Give financial security this Christmas

beboldInvestments

Blue piggy bank in front of blurry Christmas tree

With Christmas on the horizon, making an investment for your children or grandchildren is a great way to give them a financial start in life, long after the festivities are over. It may not have the same appeal as a beautifully wrapped present under the tree but they will thank you for it years after they’ve finished playing with the latest toy!

Blue piggy bank in front of blurry Christmas tree

You can’t start saving too soon! Early investments for children have a long time to grow…

If you save regularly from a child’s birth, even small amounts can really add up. There are many ways to invest on behalf of a child.

Make an early start this Christmas

When investing for children it is a good idea to go for something that gives you exposure to a broad spread of companies and sectors. It is important to get the right balance between good growth potential while not taking too much risk or requiring too much in the way of regular management.

You can hold investments on behalf of your child in a bare trust or a designated account. A designated account will be earmarked for your child but will be in your name and treated as your investment, and, as such, any income of over £100 will be taxed at your rate, whereas a bare trust will be treated as your child’s for tax purposes.

A designated account set up in the right way (i.e. irrevocable) is treated in the same way as a bare trust, and, in both cases, if funds originate from a parent and income exceeds £100pa, it will be taxed on the parent. The trustees of a bare trust have legal control until the child reaches the age of 18 (age 16 in Scotland).

Set up a pension

A Stakeholder Pension Plan for a child is available and anyone can contribute (whether it is a parent, aunt, uncle or grandparent), usually having to invest as little as £20 gross. When the child reaches their 18th birthday, they take ownership of the pension plan and make the decisions on its management.

Any money in the child’s pension plan is tied up until they can actually take their benefits, which currently could be any time from age 55 (rising to 57 in 2028).

Junior Individual 
Savings Account (JISA)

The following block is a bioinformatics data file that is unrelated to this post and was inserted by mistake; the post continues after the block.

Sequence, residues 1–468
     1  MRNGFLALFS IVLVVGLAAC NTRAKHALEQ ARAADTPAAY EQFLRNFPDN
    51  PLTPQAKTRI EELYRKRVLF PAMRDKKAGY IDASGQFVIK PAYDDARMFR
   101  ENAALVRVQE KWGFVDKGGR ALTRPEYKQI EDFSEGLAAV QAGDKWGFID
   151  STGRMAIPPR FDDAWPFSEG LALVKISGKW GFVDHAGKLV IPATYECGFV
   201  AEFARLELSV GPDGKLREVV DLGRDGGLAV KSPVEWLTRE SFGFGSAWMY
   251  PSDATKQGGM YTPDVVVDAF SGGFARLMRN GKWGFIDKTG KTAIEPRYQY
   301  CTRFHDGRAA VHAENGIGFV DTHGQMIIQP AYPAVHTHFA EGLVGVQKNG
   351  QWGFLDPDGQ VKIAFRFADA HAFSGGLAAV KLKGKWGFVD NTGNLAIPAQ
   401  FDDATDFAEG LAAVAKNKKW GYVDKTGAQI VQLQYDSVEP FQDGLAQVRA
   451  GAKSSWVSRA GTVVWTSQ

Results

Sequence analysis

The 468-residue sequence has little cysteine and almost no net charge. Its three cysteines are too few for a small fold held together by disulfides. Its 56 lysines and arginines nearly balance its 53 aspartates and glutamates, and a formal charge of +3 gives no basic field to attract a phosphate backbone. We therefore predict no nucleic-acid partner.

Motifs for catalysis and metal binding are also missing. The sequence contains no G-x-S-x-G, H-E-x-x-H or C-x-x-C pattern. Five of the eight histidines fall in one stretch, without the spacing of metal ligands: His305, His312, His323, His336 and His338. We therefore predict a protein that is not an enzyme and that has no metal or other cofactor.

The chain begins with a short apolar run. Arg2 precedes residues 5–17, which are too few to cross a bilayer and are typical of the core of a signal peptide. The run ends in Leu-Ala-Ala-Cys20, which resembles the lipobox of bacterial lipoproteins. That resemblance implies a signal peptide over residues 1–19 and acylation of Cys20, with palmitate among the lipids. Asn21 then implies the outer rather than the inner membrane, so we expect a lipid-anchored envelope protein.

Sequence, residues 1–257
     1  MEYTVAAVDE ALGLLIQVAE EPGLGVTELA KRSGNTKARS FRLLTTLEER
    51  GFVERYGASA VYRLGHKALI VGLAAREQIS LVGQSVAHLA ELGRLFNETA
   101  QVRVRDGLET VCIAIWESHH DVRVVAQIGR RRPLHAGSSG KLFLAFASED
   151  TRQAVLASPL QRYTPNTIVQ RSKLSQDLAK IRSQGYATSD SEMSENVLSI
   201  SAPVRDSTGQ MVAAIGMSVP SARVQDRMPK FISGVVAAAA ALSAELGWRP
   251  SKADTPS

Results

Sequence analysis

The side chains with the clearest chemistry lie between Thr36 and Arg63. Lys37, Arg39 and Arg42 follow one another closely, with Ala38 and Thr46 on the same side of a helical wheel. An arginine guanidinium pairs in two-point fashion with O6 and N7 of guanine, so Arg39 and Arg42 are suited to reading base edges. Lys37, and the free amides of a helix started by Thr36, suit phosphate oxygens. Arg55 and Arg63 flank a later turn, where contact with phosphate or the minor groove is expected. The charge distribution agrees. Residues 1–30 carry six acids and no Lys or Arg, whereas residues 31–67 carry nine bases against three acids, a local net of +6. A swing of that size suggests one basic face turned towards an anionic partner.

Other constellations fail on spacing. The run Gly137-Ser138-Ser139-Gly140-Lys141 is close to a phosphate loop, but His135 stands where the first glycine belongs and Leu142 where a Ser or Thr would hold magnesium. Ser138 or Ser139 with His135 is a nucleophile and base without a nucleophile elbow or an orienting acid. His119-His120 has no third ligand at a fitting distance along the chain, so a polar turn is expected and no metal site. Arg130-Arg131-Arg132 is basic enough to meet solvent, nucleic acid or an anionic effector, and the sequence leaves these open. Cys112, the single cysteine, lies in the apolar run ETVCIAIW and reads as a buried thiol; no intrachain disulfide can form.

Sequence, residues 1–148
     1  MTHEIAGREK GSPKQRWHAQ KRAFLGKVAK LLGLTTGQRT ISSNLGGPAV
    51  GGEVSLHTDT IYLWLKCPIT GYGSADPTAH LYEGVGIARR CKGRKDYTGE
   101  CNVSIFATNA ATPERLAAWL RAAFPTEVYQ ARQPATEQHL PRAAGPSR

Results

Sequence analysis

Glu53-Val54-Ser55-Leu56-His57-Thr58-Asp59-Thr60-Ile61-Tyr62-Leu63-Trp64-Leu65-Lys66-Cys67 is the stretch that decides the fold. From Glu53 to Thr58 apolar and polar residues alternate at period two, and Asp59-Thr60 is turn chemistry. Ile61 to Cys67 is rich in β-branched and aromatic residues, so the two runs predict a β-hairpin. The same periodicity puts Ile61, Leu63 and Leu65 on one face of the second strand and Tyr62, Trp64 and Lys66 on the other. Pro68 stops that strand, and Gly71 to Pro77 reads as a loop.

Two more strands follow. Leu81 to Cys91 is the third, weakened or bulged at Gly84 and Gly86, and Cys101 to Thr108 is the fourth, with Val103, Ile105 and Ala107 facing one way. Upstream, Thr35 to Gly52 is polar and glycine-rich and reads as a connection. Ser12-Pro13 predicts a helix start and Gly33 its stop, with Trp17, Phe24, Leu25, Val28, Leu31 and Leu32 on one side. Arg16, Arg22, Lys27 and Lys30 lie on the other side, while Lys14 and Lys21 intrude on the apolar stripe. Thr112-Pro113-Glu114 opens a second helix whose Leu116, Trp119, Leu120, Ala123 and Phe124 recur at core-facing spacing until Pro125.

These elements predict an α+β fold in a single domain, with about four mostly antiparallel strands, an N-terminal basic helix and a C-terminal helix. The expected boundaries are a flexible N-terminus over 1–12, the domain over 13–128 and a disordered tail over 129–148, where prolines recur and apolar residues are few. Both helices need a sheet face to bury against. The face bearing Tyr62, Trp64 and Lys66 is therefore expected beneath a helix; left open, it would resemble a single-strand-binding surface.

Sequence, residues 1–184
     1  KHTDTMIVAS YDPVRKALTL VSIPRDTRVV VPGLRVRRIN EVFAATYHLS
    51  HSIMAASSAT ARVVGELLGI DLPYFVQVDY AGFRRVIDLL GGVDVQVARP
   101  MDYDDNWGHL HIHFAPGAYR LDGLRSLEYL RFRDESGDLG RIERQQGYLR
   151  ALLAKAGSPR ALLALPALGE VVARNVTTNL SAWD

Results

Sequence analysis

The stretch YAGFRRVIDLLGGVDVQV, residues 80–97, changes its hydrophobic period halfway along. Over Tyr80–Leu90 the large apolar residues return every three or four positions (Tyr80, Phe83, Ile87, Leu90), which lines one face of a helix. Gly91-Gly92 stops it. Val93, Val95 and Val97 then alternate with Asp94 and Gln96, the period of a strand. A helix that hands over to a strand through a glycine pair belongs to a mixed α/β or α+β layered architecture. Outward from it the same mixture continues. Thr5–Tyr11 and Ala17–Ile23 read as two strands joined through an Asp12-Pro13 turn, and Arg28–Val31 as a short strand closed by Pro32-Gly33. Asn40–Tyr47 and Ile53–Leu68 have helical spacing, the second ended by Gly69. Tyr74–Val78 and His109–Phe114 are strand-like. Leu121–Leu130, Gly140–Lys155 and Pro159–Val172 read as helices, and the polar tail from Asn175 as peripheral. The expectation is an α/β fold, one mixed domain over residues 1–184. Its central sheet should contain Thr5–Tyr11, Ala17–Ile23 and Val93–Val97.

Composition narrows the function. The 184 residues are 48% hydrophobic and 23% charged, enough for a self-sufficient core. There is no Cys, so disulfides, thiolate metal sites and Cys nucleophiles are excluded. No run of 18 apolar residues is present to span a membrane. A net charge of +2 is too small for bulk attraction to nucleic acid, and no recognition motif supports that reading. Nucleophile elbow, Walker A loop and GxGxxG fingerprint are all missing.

The first and easiest option to choose is a Junior Individual Savings Account (JISA), if the child is eligible. Junior ISAs are flexible, tax-efficient and can only be accessed by the child when they reach the age of 18. Parents and other relatives can save up to £4,080 in the 2016/17 tax year in a Junior ISA. Like adult ISAs, Junior ISAs can be held in cash or stocks and shares, or you can divide the allowance between both.

Child Trust Fund (CTF) transfer into a Junior ISA

Changes to CTF regulations now mean investors can choose to transfer existing Child Trust Funds into Junior ISAs. Junior ISA tax advantages may depend on your individual circumstances and tax rules may change in the future.

Your existing CTF provider may make a charge for carrying out a transfer. If your child does not qualify because they have already used their Junior ISA allowance for the current tax year, or they have a CTF that they do not wish to transfer into a Junior ISA, then there are other options you could consider.

NS&I Children’s Bond

If you are a parent, grandparent, great grandparent or legal guardian, you can invest between £25 and £3,000 tax-free for five years at a time until the child reaches 16, at which point they will gain control of the bond. The interest rate is guaranteed, so you’ll know how much the investment will earn at the end of the five-year term.

But if you need access to the money before the end of the five years, you’ll face a penalty – the equivalent of 90 days’ interest on the amount you cash in.

Regular savings

If you’re able to commit to making monthly contributions then you can often benefit from higher rates of interest with a regular savings account. Maybe any Christmas money they receive could kickstart this…

They’re ideal for savers who are saving for something specific and wish to drip-feed cash 
into their account in a disciplined way. But these accounts will usually limit the number of withdrawals you can make each year and restrict the amount of money you can invest each month.

Be careful not to miss a payment or exceed the limit on withdrawals, as doing so can cost you interest.

Discuss making financial gifts this Christmas or arrange a review of your finances by visiting www.robertnicholas.co.uk or contacting 01952 820155.